Center for Archival Collections
August 1999: Volume 18, Number 2
History through the Mail: Postmarks, Postcards, and the US Postal Service
Mail carrier Alton Drinkwater photographed road conditions on Rural Route #7 near Tiffin in the early 1900s. The Rural Free Delivery system revolutionized postal service for farm families, but thousands of tiny villages faded away when their post offices closed. CAC general photograph collection. Gift of Arlene Dunkelberger.
Historians have at their disposal a variety of resources for learning about the past: objects passed down through generations with an oral history accompanying them, archaeological digs revealing the relationships between objects by their physical location, and newspapers and formal books or essays which set down the public version of events. By far the most revealing, however, are the diaries and letters of the people who lived during the time the events were taking place. Through these documents, we can share the thoughts, hopes, opinions, and concerns of people separated from us by time and space--and all in their own words.
Researchers must rely on the diarist to record such crucial information as date and place, but correspondence often comes conveniently with its own identification. The address tells where the writer expected the recipient to be. By taking clues from postmarks, stamps, and the physical appearance of the correspondence, Center for Archival Collections staff and other researchers have been able to identify a great deal of background information about the time the letter or postcard was written, as well as the place it came from and where it went. All these clues are crucial in helping to develop an historical context for an individual document or determining the relationship between items in a manuscript collection.
Until the mid-1800s, letters were not enclosed in envelopes, but merely folded over and sealed with wax. Although they were postmarked (a system first invented in England to track the speed that mail was moving), there were no postage stamps affixed, and in fact, it was often the addressee who paid for the letter. The postage due was determined at the post office from which the letter was mailed and fixed according to the number of pages and the distance to be traveled. To save space, people often filled both sides of the page to the edges and sometimes wrote up and down as well as across. Historic Lyme Village in Bellevue, Ohio is the home of the Margie Pfund Memorial Postmark Museum, housing the world's largest collection of postmarks and a library devoted to the subject.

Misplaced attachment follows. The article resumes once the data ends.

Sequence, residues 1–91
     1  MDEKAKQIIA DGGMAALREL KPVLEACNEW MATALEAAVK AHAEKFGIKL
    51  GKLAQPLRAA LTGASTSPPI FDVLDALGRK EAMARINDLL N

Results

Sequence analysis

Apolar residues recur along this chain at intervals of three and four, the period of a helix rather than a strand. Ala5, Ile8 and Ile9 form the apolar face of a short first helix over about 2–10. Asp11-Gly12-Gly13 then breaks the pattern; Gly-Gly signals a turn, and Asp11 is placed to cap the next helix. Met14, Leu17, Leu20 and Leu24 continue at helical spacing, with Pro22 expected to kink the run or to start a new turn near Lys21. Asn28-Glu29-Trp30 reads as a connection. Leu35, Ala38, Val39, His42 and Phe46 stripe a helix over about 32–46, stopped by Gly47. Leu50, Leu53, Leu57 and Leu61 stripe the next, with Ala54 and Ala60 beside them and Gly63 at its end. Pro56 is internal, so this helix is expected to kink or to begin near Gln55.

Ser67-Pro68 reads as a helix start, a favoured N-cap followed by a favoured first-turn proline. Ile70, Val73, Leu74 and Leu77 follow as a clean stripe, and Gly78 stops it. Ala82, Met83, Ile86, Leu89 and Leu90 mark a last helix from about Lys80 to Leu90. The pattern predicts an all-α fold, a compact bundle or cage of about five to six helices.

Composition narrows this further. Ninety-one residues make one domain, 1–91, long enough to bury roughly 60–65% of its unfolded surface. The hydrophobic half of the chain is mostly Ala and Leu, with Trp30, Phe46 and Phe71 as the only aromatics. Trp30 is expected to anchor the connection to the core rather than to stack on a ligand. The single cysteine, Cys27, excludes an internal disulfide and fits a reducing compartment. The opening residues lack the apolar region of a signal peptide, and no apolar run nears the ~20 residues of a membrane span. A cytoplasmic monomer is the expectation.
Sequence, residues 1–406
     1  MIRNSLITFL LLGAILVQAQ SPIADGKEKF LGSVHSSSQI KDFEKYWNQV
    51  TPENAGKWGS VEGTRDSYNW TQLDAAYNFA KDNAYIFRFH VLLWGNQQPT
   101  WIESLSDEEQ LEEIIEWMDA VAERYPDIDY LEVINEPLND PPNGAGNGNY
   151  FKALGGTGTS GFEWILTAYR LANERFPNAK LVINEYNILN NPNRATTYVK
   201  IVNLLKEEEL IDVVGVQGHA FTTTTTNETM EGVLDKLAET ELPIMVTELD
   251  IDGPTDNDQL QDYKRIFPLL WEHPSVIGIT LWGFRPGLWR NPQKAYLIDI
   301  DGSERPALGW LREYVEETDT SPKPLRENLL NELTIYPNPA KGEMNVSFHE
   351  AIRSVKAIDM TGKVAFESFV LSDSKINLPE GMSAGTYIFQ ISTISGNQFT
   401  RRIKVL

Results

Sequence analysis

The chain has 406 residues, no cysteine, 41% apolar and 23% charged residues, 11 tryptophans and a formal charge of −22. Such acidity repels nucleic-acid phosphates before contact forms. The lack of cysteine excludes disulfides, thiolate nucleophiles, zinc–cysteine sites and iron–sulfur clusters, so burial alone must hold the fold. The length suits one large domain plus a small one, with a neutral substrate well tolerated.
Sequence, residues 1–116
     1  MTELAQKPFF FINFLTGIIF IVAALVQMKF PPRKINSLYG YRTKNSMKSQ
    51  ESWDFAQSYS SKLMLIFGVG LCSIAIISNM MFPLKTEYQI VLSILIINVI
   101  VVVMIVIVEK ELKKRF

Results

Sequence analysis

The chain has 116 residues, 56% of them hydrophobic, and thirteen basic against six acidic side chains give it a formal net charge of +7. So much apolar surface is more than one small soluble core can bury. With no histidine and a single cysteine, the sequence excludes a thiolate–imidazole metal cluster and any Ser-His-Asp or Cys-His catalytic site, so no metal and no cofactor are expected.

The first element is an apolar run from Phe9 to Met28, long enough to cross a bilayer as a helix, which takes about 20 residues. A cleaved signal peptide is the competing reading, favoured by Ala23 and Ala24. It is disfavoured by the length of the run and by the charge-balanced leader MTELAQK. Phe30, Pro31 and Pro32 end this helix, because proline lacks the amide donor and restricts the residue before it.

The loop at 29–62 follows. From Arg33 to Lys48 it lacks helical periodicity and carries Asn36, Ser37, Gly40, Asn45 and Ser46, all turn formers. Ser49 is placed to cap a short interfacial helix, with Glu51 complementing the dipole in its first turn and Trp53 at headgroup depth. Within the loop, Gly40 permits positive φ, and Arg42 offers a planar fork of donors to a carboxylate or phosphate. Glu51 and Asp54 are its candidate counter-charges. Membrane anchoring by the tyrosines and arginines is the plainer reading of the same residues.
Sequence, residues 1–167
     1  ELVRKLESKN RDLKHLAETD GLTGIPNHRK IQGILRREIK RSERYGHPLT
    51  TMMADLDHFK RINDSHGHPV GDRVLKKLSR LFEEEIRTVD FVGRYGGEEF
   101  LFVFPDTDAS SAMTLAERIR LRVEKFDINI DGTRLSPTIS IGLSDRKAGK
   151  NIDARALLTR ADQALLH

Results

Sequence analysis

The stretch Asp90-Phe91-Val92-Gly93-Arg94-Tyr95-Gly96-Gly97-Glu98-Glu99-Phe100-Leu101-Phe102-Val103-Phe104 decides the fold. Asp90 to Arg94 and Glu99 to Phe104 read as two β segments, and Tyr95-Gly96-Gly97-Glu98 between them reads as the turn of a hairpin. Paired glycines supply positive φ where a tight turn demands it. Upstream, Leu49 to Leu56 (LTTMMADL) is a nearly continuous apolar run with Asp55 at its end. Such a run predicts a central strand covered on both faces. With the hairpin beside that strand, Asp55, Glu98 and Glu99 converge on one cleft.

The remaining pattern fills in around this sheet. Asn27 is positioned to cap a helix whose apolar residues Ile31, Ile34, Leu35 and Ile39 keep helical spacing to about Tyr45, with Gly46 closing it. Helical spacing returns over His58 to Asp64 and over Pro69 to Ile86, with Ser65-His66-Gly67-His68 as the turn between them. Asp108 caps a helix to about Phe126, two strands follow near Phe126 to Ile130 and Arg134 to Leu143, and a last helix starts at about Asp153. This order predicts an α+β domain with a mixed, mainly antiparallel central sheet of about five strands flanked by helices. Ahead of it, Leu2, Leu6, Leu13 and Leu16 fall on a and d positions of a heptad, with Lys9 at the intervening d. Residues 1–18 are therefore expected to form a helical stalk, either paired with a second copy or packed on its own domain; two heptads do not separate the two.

In 1847, postage stamps were first issued in five and ten-cent denominations. Faced with large numbers of unclaimed (and thus, unpaid-for) letters, the Post Office made prepayment of postage mandatory in 1855. Envelopes also came into use by mid-century, protecting the privacy of the correspondence as well as the physical contents of the letter.
Picture postcards first made their appearance to mark the World's Columbian Exposition in Chicago in 1893. Illustrating scenes from the fair, the government-printed cards could be mailed for one penny, while postage for privately-printed cards was two cents. Messages had to be squeezed beneath the pictures so that the address appeared alone on the back. Souvenir postcards became immensely popular and many printed before 1945 can be dated by their style. Vacation resorts and business districts, schools and churches, parks, and historical sites all were subjects of postcards and often provide our only pictorial record of such places. Even personal photographs were often printed onto postcard stock well into the 1920s.
The Carrier Division of Toledo, Ohio sorts mail for city delivery in 1909. Crowded working conditions at post offices were a reason many workers unionized. CAC general photograph collection. Gift of Ruth Tucker Fitkin.
Since the days of earliest settlement, nearly 6,000 named post offices have operated in Ohio. By the early 1900s, Rural Free Delivery was established, thanks to improvements in transportation and distribution, allowing delivery of "every man's mail to every man's door." Thousands of rural post offices were no longer needed and the communities which had gathered around them often faded from existence. Thanks to books such as The Post Offices of Ohio, by John S. Gallagher and Alan H. Patera (1979), researchers can still determine the county in which a small settlement was once located.
The twentieth century has seen a revolution in our ability to communicate quickly and cheaply. Today, nearly every American home has a telephone, and we rely on radio and television to bring us our news. Electronic mail is rapidly becoming an important medium for private correspondence. Very little of this communication is stored in a permanent form. Thanks to the postal service with its stamps and postmarks, the correspondence of the late nineteenth century may be more accessible to future historians than the speedy electronic communications of today.
--Lee N. McLaird
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